Been looking around for answers but none come out satisfying so far, and very often misleading with mixed-up terminologies. Now here's the thing... Physical Memory is the kind of memory;

i. as seen by the CPU as the final memory on its address bus. That means it has already passed the MMU translation / paging, right?

ii. calculated based on the address bus width. If it is 48-bit wide, than it should be 256TB of physical memory addresses available for the system, right?

Now my question;

If I have 8GB of RAM, how on earth the much larger physical memory addresses generated by the CPU are mapped to the physical RAM? What translation unit is there between the Physical memory and the available RAM? From what I read, physical RAM has already passed the virtual / MMU translation phase.

And no, I am not talking about virtual memory. I am asking about the relationships between the physical memory (the one that appears on the CPU address bus) and the actual physical RAM.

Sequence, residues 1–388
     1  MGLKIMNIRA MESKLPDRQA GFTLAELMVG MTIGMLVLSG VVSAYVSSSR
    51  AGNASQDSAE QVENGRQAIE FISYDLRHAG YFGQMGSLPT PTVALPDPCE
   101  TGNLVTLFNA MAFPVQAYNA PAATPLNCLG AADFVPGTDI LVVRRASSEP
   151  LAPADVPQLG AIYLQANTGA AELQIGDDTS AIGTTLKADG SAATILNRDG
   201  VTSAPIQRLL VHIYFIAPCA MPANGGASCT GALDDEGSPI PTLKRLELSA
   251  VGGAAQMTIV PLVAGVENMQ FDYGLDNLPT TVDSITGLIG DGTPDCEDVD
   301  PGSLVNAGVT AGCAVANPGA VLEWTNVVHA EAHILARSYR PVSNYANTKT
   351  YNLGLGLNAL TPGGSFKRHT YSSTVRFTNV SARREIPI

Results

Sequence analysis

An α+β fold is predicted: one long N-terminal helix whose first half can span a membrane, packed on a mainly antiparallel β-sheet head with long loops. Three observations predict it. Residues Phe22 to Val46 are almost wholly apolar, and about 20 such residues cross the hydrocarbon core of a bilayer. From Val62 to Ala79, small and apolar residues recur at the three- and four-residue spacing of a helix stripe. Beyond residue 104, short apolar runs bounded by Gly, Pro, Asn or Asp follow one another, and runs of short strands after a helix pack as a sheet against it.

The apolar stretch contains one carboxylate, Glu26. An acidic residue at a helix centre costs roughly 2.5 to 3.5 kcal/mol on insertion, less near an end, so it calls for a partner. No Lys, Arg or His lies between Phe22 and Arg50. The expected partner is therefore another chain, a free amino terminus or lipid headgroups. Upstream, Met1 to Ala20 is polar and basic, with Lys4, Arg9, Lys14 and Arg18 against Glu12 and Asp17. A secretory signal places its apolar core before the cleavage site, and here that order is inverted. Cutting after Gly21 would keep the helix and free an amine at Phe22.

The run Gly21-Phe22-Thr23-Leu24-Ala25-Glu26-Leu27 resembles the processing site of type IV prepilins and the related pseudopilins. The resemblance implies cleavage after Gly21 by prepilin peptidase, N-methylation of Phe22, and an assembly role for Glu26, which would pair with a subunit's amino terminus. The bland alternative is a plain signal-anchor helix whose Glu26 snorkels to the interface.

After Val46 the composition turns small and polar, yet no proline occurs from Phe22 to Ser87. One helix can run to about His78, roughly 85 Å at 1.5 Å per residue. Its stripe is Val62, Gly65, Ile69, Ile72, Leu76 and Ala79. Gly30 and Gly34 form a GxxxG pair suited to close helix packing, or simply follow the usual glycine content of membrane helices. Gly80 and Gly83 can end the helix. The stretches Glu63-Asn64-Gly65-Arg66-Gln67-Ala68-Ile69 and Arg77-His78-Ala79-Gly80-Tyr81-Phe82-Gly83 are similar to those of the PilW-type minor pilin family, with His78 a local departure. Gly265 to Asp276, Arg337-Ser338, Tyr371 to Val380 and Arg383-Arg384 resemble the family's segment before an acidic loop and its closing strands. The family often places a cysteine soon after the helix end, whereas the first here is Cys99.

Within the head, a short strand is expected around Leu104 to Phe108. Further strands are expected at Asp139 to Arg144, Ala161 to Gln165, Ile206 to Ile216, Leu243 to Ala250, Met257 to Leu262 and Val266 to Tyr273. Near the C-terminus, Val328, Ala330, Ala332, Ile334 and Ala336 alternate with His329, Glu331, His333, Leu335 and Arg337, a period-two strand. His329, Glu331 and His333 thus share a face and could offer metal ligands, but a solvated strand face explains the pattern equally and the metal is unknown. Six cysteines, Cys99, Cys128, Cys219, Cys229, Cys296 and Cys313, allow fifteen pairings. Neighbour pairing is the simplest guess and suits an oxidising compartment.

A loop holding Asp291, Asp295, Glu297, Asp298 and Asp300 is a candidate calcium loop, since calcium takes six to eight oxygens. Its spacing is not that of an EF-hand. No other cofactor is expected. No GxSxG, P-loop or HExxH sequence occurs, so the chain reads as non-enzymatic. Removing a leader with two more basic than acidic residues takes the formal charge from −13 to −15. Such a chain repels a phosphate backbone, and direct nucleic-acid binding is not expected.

• Or maybe I asked the question the wrong way. I don't know. This is all very confusing to me. – royalfinest Oct 13 '18 at 20:53
  • The CPU includes a memory controller, which speaks with RAM. RAM itself is not a dumb collection of bits: the memory controller communicates it with several different signalling wires to ask for specific data locations in each chip. The memory controller will map to different chips, and some addresses will just not be valid. – Max Oct 13 '18 at 21:05
  • en.wikipedia.org/wiki/… gives a high level overview of the signalling for SDRAM. Current chips are a bit more complex but the ideas are the same. – Max Oct 13 '18 at 21:07
  • 1
    Simply put: there is the set of all possible addresses (2^64). Each of these addresses is directed towards a device (if present) or sinked (if no device responds). The first block of addresses from 0 up to RAM size -1 is steered to the eMC. More RAM means a bigger block. Multi sockets machines are a little more involved (not much more). Other addresses are reclaimed by the IO devices (PCIe root ports, embedded graphics, DMI) and eventually arbitrarily terminated if no device responds to them. – Margaret Bloom Oct 14 '18 at 8:52

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